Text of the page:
Clayton County to light up old courthouse for sickle cell awareness

Mapillar Dahn talks with her daughter Khadeejah Tyler, 15, while she undergoes her sickle cell anemia treatment at the Scottish Rite Children's Hospital in Atlanta. STEVE SCHAEFER / SPECIAL TO THE AJC
Caption
Mapillar Dahn talks with her daughter Khadeejah Tyler, 15, while she undergoes her sickle cell anemia treatment at the Scottish Rite Children's Hospital in Atlanta. STEVE SCHAEFER / SPECIAL TO THE AJC

Credit: Steve Schaefer

Credit: Steve Schaefer

Clayton County plans to light up the old courthouse on Saturday to bring greater awareness to the impact of sickle cell anemia.

As many Americans celebrate Juneteenth for the first time as a national holiday Saturday, the lighting at the courthouse is meant to also focus on a disease that has a huge impact on the African-American community.

“This disease is affecting so many in our community and what better way to do it than on June 19th because that is the day that we celebrate our independence as African Americans,” Commissioner Felicia Franklin, who approved the lighting, said earlier this week.

The lighting comes as the nation recognized the disease earlier this month during World Sickle Cell Day and as the cities of Riverdale and Lovejoy joined Clayton and Henry counties in proclaiming Saturday as sickle cell day in their communities.

“The proclamations and support of our local leaders help amplify our efforts of bringing much needed attention to the impact that sickle cell disease has on people in our local communities, said Mapillar Dahn, president and founder of the MTS Sickle Cell Foundation.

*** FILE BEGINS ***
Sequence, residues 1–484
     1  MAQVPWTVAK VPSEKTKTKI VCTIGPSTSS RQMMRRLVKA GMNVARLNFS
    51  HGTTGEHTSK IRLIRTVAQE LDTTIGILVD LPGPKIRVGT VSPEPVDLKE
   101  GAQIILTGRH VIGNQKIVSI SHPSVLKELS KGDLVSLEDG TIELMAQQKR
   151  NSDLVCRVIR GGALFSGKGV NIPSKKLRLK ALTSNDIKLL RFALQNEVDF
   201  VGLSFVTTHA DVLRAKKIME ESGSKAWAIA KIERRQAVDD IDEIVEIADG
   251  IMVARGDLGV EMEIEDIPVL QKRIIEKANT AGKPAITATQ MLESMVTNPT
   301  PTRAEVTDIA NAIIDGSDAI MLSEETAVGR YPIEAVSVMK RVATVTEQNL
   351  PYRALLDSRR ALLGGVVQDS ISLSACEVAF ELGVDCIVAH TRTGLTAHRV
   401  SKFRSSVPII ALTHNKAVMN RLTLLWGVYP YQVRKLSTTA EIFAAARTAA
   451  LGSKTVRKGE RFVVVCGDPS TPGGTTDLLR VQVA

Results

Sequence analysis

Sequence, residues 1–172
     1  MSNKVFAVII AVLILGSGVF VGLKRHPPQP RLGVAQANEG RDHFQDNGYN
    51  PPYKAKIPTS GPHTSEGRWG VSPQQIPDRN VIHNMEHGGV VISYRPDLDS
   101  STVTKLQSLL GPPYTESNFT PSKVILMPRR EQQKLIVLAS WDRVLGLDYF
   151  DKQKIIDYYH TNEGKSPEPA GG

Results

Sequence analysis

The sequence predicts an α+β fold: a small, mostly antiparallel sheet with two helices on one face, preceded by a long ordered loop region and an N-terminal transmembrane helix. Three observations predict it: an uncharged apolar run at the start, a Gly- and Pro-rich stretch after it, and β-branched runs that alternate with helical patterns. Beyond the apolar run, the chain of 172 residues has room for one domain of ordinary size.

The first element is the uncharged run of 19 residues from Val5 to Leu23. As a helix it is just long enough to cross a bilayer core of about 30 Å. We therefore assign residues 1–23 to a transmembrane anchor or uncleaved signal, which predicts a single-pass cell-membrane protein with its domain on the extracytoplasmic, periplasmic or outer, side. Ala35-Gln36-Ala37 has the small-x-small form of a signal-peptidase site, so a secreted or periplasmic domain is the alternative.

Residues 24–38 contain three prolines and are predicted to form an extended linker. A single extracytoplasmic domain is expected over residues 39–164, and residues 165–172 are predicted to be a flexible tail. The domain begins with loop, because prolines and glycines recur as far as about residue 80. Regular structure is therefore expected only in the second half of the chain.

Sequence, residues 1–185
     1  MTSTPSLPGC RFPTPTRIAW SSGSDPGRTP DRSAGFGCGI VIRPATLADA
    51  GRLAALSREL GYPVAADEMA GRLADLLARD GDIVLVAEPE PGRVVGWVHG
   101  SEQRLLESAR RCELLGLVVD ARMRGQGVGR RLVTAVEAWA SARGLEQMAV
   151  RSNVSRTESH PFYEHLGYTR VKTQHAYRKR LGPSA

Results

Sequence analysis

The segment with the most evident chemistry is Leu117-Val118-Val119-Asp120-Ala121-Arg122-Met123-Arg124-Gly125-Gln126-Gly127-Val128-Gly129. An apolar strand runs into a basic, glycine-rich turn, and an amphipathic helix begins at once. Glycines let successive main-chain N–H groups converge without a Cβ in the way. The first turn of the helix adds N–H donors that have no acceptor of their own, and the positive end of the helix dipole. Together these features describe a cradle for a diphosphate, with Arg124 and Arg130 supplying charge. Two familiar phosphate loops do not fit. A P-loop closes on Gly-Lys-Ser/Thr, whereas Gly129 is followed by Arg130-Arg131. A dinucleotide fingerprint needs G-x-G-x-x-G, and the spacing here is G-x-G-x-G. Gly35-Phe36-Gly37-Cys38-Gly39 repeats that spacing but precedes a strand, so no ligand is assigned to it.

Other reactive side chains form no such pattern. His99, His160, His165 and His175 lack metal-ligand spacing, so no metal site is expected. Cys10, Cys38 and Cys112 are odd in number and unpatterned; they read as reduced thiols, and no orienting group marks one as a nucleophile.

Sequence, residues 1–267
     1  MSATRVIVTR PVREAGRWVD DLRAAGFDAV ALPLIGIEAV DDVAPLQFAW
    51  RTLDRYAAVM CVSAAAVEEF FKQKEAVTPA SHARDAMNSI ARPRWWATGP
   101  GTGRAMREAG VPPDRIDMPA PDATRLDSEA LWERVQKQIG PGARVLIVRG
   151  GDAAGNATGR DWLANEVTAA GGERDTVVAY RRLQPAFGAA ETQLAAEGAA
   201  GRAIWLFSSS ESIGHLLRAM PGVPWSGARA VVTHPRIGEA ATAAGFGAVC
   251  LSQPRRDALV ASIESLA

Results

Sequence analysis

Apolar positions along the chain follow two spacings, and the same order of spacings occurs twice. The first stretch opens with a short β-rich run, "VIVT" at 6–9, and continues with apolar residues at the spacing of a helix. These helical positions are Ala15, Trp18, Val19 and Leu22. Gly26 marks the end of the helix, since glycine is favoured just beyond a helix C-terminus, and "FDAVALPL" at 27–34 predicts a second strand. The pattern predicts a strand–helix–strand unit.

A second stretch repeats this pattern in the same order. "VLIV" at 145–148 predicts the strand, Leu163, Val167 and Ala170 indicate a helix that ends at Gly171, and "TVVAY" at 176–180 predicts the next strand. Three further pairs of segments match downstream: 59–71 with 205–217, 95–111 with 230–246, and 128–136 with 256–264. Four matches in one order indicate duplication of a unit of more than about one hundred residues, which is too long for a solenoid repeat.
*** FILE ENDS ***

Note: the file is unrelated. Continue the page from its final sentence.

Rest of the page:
“It also shines a light on the need for improved patient healthcare services, increased research for a universal cure, universal newborn screening and treatment of sickle cell disease and more,” Dahn said.

Dahn, whose three daughters have sickle cell, said Georgia is home to one of the nation’s largest populations of individuals with the disease, with more than 7,000 people living with sickle cell in almost every county in Georgia.

Sickle cell is a red cell disorder that predominantly affects Black people -- but is not exclusive to the community -- and is most associated with pain as its chief symptom.

In addition to the courthouse lighting, MTS has placed a billboard on I-75 to bring awareness to the disease and used a recent Juneteenth event in Morrow to sign up volunteers for the Bone Marrow Registry. Morrow also is lighting up its City Hall.

“Sickle cell patients need the community to donate blood and join the National Bone Marrow Registry,” Dahn said. “We are currently seeing the results of a lack of awareness in the lack of diversity of donors.”